This approach by states contributes to further human rights violations, such as migrants’ deaths and increased risks during their journeys, coyotes, smugglers and traffickers, unaccompanied or separated children migrating alone, and disappearances of children once they have reached “safe territories” (perhaps up to 60% of those who do, according to some estimates).

It also fosters a logic of “us vs others”, in which migrants are cast as “others”, “strangers at our doors”, and tools in other political battles. This creates a crisis for refugees, in which they are caught up in a circle of constant human rights violations – sometimes even through the policy of a state.

Such policies include:

1) push-backs (i.e. not allowing refugees to cross borders or even returning them after they have reached the border)

2) transfer agreements (as in the EU-Turkey case)

3) violations of the principle of non-refoulement (the cornerstone of International Refugee Law)

4) severe violation of human rights, such as:

a) detention of migrants (including refugee children, and for long periods)

e) violations of the right to life

5) lack of respect to specific vulnerabilities (such as those of children, women, the elderly, persons with disabilities and LGBT refugees).

These violations occur when refugees are on the move, once they have reached “safe” territories, and even when they have found shelter. Consider refugee camps, for example, in which access to economic and social rights, and durable solutions, are scarce. Furthermore, the number of resettlement places is diminishing, along with funding that even at its highest levels was not enough to meet the needs of refugees.

Refugees are persons fleeing from a well-founded fear of persecution due to religion, nationality, race, political opinion or belonging to a social group. In some parts of the world, such as Latin America, they are also fleeing from gross and generalized violation of human rights. A person remains as a refugee for 20 years, on average. While refugees are already victims of human rights violations, the current international scenario is re-victimizing them while they seek protection.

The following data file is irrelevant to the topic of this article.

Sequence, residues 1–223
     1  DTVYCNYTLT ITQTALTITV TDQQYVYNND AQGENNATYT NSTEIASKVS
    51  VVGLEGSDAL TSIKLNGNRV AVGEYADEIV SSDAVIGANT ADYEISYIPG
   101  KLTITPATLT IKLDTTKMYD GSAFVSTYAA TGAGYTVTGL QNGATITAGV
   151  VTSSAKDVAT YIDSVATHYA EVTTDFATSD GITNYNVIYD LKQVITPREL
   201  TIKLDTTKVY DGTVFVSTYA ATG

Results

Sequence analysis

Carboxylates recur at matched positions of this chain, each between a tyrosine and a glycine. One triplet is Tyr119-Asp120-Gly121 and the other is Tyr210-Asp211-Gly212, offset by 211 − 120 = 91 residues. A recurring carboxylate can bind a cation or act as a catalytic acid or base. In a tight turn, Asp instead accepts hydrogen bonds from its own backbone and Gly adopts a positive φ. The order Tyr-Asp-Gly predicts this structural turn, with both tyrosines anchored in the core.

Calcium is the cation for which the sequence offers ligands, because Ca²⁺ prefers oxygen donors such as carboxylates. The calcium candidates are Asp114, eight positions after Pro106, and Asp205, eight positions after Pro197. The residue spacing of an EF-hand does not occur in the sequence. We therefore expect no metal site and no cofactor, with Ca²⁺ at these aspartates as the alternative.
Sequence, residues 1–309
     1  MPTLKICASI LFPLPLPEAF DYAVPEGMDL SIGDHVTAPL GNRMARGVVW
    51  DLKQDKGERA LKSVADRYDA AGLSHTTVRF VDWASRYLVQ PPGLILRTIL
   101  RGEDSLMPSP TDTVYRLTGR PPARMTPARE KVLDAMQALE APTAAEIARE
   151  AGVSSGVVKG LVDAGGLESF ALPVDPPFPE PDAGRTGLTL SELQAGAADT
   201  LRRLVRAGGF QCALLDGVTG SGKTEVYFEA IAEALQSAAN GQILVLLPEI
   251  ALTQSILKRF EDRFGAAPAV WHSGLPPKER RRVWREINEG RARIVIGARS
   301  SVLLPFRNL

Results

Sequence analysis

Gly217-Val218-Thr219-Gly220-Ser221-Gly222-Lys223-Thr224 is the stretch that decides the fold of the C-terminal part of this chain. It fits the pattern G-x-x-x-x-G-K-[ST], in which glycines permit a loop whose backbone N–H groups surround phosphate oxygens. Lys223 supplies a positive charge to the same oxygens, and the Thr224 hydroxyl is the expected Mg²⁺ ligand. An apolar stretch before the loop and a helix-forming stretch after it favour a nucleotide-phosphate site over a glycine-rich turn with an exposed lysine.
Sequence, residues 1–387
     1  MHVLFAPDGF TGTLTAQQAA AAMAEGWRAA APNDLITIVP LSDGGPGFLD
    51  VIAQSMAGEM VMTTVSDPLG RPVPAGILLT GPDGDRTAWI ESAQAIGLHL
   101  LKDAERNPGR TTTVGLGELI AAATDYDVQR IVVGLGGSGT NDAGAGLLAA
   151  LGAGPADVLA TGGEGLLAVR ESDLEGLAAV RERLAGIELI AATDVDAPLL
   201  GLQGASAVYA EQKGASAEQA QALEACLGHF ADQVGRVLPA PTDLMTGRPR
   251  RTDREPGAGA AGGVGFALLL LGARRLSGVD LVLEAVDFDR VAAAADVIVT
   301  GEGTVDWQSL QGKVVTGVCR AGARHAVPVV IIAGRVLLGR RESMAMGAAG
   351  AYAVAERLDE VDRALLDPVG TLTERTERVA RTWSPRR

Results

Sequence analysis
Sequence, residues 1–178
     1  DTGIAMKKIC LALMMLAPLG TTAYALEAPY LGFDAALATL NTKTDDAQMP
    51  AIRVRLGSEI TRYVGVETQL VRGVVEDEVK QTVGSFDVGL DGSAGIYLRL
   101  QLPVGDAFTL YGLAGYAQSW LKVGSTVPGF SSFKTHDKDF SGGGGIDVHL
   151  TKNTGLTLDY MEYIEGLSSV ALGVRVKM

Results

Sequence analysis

However, such ongoing violations do not stop migration. They only make it harder and more hazardous. They endanger the lives of refugees, and jeopardise the right to migrate.

We must face these challenges. Refugees are not solely an issue of 2015 or 2017, but one of the contemporary world and its nation states. Refugees are an issue of human rights and protection, and a defining issue of this century so far.

Image: Author’s own, created using UNHCR Global Trends 2016 data

Refugees are not the problem – they are not the creators of the crisis. Refugees are the victims of the crisis. Protection strategies need to be re-designed, reformulated, and implemented in different ways to confront the current scenario.

The main challenges involve:

– safe access to territories

– creating legal pathways for mobility

– access to safe territories for all (potential) refugees

– creating more resettlement slots

– access to refugee status determination (RSD) procedures

– adequate RSD procedures

– respect of particular vulnerabilities

– local integration

While migration is a constant phenomenon, forced migration cannot be seen as unchangeable or unimportant. “The refugee crisis is humanity’s crisis”, as Zygmunt Bauman stated. It is essential to rethink the logic of migration governance, with the human being as its axis. The protection of other humans must take centre stage. It must guide every strategy, policy and action. When it does, refugees’ rights and human rights will be respected.